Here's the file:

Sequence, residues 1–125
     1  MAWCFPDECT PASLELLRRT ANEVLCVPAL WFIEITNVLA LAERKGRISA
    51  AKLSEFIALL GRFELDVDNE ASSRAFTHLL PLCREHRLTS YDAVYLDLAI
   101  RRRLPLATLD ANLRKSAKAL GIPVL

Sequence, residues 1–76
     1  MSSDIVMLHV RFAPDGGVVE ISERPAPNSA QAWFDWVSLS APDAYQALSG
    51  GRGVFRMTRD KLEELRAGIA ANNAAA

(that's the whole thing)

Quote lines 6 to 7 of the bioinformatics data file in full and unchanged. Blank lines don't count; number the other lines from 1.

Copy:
     1  MSSDIVMLHV RFAPDGGVVE ISERPAPNSA QAWFDWVSLS APDAYQALSG
    51  GRGVFRMTRD KLEELRAGIA ANNAAA